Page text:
He reads and writes a great deal: science fiction, history, science. His grandmother directs self-help books his way, and he reads those as well, even though some of them are written for people older than him. He doesn’t know what he wants to be, exactly, but he has thoughts about Disney, about the military, about space—but above all, about writing. Writing is his great escape. He writes poems that bleed out his hurt. He writes journal entries dissecting the behavior and characters of some of his worst tormentors. He writes stories in which characters like him have power, authority, and right on their side. If his fantasy life does not include women (a field of study utterly beyond him), it does at least include alternate worlds where he has the respect of all the people around him, men and women—adults.

He has visions of what could be. He just needs to survive.


The sad part is, 1984 actually wasn’t that bad. The worst year of my life was 1981-82, the year I was in 7th grade. That was when I was having the psychosomatic illnesses, fevers (104.3°, at one point), and serious prayers asking Jesus to let me die. If someone had told me that year that “It gets better,” I probably would’ve thrown up on them, either out of disbelief or stress or spite.

Another scary thought: my high school was considered pretty decent for the time, certainly a lot safer than a lot of the schools in rougher neighborhoods or in downtown Chicago. At just over 2,000 students (now over 2,500), Glenbard East was as decent a suburban public school as you were likely to find. No metal detectors, as yet. No knives or guns on campus (off-campus was another matter). The usual experiments with alcohol or marijuana (and even cocaine, if I’m to believe some of my friends at the time) going on.  And I fa-king hated it because I was scared and miserable most of the time. Or at least those are most of the memories that survived.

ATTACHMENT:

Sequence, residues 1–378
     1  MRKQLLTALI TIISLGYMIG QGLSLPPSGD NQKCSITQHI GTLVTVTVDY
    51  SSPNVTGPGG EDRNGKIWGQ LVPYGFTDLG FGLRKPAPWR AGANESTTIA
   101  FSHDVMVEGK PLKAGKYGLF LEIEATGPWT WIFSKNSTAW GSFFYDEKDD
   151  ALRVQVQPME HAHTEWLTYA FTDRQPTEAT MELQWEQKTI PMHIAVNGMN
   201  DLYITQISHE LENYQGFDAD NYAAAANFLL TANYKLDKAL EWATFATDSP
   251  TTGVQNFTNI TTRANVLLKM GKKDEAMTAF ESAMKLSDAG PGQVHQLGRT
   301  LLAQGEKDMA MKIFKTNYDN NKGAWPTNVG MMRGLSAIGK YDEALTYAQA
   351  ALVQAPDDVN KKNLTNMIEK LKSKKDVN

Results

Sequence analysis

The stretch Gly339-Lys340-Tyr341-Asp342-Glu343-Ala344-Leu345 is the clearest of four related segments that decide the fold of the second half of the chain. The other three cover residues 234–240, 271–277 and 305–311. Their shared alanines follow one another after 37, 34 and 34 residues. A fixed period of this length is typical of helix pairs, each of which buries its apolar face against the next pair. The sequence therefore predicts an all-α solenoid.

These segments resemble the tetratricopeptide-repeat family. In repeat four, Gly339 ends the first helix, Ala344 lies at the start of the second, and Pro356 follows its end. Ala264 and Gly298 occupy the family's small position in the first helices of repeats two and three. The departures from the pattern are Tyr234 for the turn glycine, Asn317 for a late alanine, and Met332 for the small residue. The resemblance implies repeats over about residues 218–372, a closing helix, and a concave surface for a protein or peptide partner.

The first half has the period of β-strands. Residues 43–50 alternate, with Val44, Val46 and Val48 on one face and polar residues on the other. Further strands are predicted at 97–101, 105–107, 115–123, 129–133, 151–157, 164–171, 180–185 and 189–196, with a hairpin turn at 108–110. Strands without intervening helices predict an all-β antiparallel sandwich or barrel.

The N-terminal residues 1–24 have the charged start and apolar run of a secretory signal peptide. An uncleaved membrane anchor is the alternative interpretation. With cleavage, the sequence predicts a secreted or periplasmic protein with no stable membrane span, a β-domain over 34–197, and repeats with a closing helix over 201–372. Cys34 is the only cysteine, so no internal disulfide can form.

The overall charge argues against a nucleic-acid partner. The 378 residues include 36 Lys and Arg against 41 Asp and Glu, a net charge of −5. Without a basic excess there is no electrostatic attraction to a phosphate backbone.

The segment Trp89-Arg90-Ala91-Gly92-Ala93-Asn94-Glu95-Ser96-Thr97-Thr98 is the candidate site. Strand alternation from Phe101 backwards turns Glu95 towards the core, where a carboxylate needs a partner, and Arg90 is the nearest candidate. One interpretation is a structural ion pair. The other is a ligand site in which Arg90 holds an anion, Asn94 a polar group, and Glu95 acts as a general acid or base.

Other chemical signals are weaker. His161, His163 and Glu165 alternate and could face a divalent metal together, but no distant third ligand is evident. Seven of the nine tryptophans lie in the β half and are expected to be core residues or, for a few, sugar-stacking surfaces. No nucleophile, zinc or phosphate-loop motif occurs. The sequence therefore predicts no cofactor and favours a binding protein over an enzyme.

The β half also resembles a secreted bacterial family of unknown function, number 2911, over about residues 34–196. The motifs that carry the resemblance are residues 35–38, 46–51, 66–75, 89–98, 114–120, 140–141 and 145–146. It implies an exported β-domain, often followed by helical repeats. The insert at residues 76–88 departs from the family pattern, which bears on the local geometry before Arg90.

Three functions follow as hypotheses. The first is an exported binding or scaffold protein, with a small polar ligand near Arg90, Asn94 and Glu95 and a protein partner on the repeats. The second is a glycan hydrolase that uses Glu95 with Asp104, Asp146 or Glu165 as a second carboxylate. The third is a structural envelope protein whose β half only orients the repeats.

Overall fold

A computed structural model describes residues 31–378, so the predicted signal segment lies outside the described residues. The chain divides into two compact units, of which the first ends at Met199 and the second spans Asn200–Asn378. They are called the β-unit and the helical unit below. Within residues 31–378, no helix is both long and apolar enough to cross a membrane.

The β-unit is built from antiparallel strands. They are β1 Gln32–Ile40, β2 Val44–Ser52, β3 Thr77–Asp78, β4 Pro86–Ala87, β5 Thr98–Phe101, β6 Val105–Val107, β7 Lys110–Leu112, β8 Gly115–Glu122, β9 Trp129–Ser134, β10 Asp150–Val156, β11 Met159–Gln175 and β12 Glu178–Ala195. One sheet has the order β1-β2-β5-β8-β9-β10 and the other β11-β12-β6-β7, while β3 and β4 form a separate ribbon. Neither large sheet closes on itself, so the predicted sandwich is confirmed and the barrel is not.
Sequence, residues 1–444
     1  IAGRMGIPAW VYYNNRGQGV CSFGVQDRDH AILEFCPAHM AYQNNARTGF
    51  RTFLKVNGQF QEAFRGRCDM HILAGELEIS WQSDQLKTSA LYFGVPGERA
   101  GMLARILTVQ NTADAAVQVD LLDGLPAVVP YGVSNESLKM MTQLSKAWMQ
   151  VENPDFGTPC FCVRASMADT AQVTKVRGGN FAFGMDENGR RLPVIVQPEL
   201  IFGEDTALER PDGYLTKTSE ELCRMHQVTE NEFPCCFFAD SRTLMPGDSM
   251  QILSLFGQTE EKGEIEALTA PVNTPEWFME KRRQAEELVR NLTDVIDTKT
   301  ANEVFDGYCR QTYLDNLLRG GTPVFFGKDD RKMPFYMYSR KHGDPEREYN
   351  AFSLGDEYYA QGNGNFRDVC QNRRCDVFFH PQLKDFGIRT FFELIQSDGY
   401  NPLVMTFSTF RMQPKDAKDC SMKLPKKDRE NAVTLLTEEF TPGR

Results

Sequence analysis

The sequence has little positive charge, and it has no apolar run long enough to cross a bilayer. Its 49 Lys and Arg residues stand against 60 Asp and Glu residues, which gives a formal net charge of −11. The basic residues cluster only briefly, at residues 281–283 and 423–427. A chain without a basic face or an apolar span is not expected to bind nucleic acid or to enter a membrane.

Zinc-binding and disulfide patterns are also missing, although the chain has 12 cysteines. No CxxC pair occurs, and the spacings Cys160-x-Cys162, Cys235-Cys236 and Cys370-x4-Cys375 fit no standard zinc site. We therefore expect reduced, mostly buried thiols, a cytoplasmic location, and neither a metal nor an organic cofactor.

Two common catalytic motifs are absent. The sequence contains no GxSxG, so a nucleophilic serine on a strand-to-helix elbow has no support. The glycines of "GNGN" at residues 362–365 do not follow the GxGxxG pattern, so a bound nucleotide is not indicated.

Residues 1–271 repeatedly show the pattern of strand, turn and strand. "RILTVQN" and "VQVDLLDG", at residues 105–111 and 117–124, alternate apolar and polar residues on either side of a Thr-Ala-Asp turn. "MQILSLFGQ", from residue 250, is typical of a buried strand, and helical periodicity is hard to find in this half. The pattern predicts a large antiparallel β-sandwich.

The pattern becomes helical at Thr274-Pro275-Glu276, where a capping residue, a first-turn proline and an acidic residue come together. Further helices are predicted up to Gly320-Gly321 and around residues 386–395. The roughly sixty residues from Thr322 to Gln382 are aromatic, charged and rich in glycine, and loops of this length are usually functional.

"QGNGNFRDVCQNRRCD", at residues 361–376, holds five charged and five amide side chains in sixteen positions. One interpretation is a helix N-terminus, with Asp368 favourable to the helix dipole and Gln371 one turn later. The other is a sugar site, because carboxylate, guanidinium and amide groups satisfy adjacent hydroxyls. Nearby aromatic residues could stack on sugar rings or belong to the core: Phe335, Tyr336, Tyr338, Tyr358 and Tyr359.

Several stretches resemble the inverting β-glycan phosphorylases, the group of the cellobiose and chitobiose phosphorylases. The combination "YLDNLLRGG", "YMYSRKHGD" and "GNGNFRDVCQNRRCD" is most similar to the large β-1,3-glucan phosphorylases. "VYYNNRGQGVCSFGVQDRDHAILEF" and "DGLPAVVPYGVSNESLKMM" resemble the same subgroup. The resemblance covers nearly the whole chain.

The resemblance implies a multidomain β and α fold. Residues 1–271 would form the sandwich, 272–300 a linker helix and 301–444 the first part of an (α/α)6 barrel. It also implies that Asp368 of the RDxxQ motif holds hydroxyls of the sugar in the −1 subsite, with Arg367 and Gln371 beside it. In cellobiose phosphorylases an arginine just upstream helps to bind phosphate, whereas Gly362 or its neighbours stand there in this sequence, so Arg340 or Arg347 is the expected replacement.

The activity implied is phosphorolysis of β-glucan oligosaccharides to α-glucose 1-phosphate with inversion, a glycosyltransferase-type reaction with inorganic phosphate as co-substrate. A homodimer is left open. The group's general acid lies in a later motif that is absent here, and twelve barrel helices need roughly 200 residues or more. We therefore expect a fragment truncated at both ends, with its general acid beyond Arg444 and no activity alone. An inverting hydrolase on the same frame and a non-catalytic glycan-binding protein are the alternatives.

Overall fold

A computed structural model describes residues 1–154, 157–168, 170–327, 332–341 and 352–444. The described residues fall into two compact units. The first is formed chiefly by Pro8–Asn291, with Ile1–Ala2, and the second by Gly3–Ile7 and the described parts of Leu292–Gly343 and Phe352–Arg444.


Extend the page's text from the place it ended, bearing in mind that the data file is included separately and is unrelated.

Lombard Junior High, the place of my darkest despair, was where I hit rock-bottom, socially and emotionally. My clothes were cheaper then, my body smaller and thinner, my social skills even less developed. If I was going to make something better of myself, it had to be there. I can only tell you how I survived. My combination of traits, talents, and circumstances might not apply to anyone else. But the effort deserves telling, because I did survive. While I was unlikely to get knifed or shot, there was every likelihood that I might’ve gotten beaten up more, or that I might’ve taken that to-hell-with-this-I’m-going-to kill-myself voice at the back of my head. Obviously, I didn’t, but why? The question bears asking because certainly there’s still enough teenage angst bullshit going around that needs overcoming.

So below is my recipe for helping a kid suffering at the hands of his/her peers. I can’t guarantee success; I can only say it worked for me, at different times, and in various combinations, but believe me, all of it was tried.

I understood that my problem was temporary, not permanent.

I honestly don’t know how I came to this conclusion, but I could count at a reasonable age, and I knew that any event or situation had a beginning and an end. Some of this might’ve been taught by my mother getting us to plan for a vacation X months in the future, or sitting through enough other boring or painful events. I just understood that boredom or pain or whatever situation I was going through would eventually change, and that this, too, shall pass.

I took the time to examine my own behavior and figure out when/where my peers were reacting badly to my behavior—and then change it.